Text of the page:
Consider this fact: in 2015, 63 percent of students spent less than eight weeks studying abroad, 34 percent spent between one- and two-semesters, and only 3 percent spent more than two-semesters, according to the 2016 Open Doors Report produced by the Institute of International Education. And, according to a recent survey by StudyAbroad.com, almost a quarter of prospective study abroad students indicated that they were concerned about school credits, busy class schedules and graduating on time. Contrary to the popular belief that a longer study abroad experience is best, data makes it clear that there’s a demand for shorter study abroad experiences which allow students to complete core classes and still graduate on time. If resources aren’t available for a professional market research demand study, valuable information can still be gathered from your frontline staff, since they interact with students. Ask your staff to answer the following four questions:
Do your current marketing practices and policies have a positive impact on your recruitment efforts by aligning with prospects’ communication preferences?
What type of communications do your prospective students want to receive?
Why do inquirers and applicants choose not to enroll?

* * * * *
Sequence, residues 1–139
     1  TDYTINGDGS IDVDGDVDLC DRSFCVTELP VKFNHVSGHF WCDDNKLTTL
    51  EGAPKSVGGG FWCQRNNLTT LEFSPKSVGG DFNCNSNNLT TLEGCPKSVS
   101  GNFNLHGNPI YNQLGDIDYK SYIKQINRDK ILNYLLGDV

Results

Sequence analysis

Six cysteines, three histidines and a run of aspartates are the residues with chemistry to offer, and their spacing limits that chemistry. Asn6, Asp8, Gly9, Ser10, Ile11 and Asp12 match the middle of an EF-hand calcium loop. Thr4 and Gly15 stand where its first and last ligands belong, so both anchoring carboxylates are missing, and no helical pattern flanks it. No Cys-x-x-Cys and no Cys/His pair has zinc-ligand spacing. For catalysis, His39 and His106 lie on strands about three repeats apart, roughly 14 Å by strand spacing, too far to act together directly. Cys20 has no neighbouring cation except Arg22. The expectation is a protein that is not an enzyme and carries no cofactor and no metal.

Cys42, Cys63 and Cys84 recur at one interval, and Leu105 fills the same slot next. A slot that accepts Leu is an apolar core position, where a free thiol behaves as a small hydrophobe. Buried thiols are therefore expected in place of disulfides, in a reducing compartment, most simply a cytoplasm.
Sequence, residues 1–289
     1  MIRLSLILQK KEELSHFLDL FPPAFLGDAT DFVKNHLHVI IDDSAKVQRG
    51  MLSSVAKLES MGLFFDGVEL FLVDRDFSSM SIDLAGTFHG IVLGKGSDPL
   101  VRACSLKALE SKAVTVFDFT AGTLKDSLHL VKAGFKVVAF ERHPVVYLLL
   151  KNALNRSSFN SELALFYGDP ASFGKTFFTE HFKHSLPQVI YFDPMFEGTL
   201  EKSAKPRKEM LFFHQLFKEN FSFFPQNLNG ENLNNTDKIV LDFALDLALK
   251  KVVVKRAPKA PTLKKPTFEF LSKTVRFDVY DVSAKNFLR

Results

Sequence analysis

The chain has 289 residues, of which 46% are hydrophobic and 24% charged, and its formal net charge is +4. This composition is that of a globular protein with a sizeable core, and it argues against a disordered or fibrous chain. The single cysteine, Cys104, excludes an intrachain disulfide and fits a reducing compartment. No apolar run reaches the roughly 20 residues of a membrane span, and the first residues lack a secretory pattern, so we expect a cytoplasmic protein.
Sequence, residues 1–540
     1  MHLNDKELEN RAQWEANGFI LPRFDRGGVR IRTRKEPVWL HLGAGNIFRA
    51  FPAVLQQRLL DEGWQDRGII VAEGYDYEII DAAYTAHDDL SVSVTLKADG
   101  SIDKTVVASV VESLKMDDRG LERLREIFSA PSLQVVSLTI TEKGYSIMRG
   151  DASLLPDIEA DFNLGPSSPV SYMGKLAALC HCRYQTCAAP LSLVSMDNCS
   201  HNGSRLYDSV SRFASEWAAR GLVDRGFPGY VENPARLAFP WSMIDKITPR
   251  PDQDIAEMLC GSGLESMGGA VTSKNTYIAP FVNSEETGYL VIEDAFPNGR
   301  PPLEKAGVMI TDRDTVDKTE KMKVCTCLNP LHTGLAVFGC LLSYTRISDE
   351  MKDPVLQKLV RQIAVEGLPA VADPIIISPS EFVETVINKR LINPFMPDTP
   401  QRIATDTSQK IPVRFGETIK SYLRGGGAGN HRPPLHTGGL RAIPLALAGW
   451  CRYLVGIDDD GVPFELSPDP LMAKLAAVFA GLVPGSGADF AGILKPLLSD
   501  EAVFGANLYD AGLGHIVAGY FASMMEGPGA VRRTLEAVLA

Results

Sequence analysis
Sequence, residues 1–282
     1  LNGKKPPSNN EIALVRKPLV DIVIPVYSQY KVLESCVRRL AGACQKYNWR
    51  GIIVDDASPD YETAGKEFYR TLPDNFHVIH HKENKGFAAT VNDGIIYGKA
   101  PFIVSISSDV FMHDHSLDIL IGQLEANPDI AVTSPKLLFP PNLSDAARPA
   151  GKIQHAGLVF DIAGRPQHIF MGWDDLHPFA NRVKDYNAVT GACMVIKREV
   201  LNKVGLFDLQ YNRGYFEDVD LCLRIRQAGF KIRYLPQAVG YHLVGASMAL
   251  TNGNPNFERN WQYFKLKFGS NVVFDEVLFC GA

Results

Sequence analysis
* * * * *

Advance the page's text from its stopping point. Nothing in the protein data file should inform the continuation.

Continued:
What can you learn from your current study abroad students that may help your attract others like them to your programs?
The answers provided by your staff will provide objective insight and help to guide your marketing and recruitment strategies and tactics.
How do your programs align with demand?
Institutions have to consider the preferences of prospective study abroad students to determine how well their offerings respond to marketplace demand. The University of Washington (UW) has a great page devoted to study abroad marketing and recruitment strategies. It lists the top four reasons why UW believes students apply to study abroad programs:
A friend told them it was great
Location and term
Courses offered fulfill graduation requirements
Who is leading / teaching the course
In our StudyAbroad.com survey data, we’ve found that student preferences about certain study abroad programs also include:
Time of year
Credit vs. non-credit program
Availability of student and academic support services
When designing programs for study abroad students, all of the factors above should be considered to support your marketing and recruitment efforts. After all, you can have the most accurate audience targeting but if your messaging isn’t aligned with the wants and needs of your prospects, your enrollment rates will suffer.